WASHINGTON -- In a letter to Congress sent Sunday, White House Chief of Staff Mark Meadows and Treasury Secretary Steven Mnuchin asked lawmakers to first pass legislation allowing the Trump administration to redirect about $130 billion in unused funding from the Paycheck Protection Program intended for small businesses while negotiations continue on a broader relief effort.
White House officials will request that Congress approve legislation allowing firms demonstrating a decline in revenue to apply for a second round of Paycheck Protection Program funding, which they are not allowed to do under existing law, according to one person familiar with the plans who spoke on the condition of anonymity to discuss the administration's internal planning.
"Now is the time for us to come together and immediately vote on a bill to allow us to spend the unused Paycheck Protection Program funds while we continue to work toward a comprehensive package," Meadows and Mnuchin said in a letter to congressional leaders.
"The all-or-nothing approach is an unacceptable response to the American people," they said in the letter, which was posted on Twitter by Treasury spokeswoman Monica Crowley.
The administration's latest request faces an uphill battle in the House, where Speaker Nancy Pelosi, D-Calif., has rejected stand-alone legislation in favor of a comprehensive package to address the economic and health consequences of the coronavirus pandemic.
The administration's $1.8 trillion stimulus proposal on Friday came under criticism from lawmakers in both parties over the weekend, making its chances of passing appear remote.
Republicans "want to do stimulus," Trump said on Fox's "Sunday Morning Futures."
"We want to help the airlines again, because the airlines -- always a tough business," Trump said. "We want to help the restaurants, hotels."
The shift in strategy from the White House caps a week in which the president and his negotiators adopted a number of different approaches in an effort to secure a relief package with Congress. On Oct. 3, the president asked Congress to approve a relief package, later calling off negotiations with Democrats, and then calling for action on a few priorities, including airline relief and $1,200 stimulus checks for all Americans.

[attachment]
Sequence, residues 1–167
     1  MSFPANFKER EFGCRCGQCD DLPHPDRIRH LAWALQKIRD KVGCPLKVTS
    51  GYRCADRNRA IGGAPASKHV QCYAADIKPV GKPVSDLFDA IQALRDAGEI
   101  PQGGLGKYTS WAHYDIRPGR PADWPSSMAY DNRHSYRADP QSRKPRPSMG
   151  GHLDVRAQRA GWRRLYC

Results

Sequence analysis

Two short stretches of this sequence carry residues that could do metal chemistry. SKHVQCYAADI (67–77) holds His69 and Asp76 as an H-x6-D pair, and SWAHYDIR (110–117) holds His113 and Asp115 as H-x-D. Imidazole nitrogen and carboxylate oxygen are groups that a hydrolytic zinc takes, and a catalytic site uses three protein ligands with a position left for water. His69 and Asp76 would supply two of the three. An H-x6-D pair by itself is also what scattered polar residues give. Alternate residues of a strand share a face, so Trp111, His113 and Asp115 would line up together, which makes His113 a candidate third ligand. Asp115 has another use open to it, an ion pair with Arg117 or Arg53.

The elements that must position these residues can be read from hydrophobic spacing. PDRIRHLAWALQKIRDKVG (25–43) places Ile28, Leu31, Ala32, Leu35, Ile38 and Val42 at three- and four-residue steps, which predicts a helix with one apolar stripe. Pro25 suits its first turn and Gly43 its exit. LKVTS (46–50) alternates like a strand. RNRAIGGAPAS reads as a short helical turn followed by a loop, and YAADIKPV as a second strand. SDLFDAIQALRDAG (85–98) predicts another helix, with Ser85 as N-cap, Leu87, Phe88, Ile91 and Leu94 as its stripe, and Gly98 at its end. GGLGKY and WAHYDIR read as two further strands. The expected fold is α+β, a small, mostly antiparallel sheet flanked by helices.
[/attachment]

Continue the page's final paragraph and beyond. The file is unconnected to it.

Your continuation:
On Wednesday, Mnuchin and Pelosi began discussing a stand-alone measure to provide relief for the airline industry, but those talks were abandoned the next day as Trump again pushed for a wider agreement.
Mnuchin proposed a $1.8 trillion agreement to congressional leaders. On Friday, Trump said he wanted to see a "bigger" stimulus package than either the Democrats or the Republicans had called for. That same day, White House communications director Alyssa Farah told reporters that the White House wanted the final bill to cost "below $2 trillion." Democrats have been pushing a $2.2 trillion bill as a compromise measure from their initial offer, which cost more than $3 trillion.
The administration's $1.8 trillion bid was criticized on Capitol Hill, with Pelosi saying it fell short in key areas and some Senate Republicans warning it amounted to a "betrayal" of long-standing GOP priorities. On a call with Mnuchin and Meadows on Saturday, Republicans such as Sens. Rick Scott of Florida, Mike Lee of Utah and Marsha Blackburn of Tennessee warned strongly against the proposal.
NO FROM PELOSI
Pelosi reiterated her objections over the Mnuchin plan in a letter to her House Democratic colleagues on Sunday, stressing that the disagreement between the parties involves policy disputes and that both sides "remain at an impasse." Pelosi has in particular demanded that the Trump administration adopt Democrats' plan for robust testing and tracing to contain the novel coronavirus, which was part of the Heroes Act the House passed.